The Company has contingent liabilities related to legal and tax proceedings and other matters arising in the ordinary course of business. Although it is reasonably possible the Company may incur losses upon conclusion of such matters, an estimate of any loss or range of loss cannot be made. In the opinion of management, it is expected that amounts, if any, which may be required to satisfy such contingencies will not be material in relation to the accompanying condensed consolidated financial statements.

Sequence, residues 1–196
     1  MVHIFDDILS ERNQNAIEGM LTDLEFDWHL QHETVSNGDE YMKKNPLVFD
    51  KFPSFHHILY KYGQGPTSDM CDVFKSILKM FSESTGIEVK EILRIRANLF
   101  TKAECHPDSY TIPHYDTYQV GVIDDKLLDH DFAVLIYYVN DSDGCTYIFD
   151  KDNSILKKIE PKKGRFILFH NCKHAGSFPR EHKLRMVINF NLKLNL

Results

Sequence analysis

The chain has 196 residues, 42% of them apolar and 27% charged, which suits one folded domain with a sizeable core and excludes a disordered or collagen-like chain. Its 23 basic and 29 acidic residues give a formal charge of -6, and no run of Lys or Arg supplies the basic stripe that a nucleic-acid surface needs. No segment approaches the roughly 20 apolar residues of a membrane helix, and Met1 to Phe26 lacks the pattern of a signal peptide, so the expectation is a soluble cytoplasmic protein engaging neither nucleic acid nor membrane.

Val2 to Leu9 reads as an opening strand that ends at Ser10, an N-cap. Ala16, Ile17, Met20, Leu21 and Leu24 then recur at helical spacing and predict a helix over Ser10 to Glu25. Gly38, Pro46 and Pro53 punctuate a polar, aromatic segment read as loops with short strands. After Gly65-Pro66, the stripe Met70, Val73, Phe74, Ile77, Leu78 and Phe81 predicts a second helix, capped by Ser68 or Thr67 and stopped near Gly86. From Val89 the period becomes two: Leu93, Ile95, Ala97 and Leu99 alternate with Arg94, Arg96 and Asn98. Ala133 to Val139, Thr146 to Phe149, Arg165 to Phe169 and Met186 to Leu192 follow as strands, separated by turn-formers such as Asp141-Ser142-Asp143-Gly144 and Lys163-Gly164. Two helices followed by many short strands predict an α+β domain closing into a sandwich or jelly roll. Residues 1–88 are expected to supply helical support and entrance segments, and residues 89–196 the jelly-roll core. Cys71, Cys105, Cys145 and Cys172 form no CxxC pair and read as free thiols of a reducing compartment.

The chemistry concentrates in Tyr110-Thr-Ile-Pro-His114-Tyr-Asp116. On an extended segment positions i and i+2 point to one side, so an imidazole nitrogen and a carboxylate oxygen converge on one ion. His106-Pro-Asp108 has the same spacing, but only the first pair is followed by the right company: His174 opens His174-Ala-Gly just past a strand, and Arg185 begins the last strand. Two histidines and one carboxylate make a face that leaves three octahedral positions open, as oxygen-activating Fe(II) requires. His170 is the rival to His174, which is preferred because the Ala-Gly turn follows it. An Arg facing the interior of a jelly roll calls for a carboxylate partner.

Pre-1972 Sound Recording Litigation. On October 2, 2014, Flo & Eddie Inc. filed a class action suit against Pandora in the federal district court for the Central District of California. The complaint alleges a violation of California Civil Code Section 980, unfair competition, misappropriation and conversion in connection with the public performance of sound recordings recorded prior to February 15, 1972 (“pre-1972 recordings”). On December 19, 2014, Pandora filed a motion to strike the complaint pursuant to California’s Anti-Strategic Lawsuit Against Public Participation ("Anti-SLAPP") statute, which following denial of Pandora’s motion was appealed to the Ninth Circuit Court of Appeals. In March 2017, the Ninth Circuit requested certification to the California Supreme Court on the substantive legal questions. The California Supreme Court accepted certification. In May 2019, the California Supreme Court issued an order dismissing consideration of the certified questions on the basis that, following the enactment of the Orrin G. Hatch-Bob Goodlatte Music Modernization Act, Pub. L. No. 115-264, 132 Stat. 3676 (2018) (the “MMA”), resolution of the questions posed by the Ninth Circuit Court of Appeals was no longer “necessary to . . . settle an important question of law.”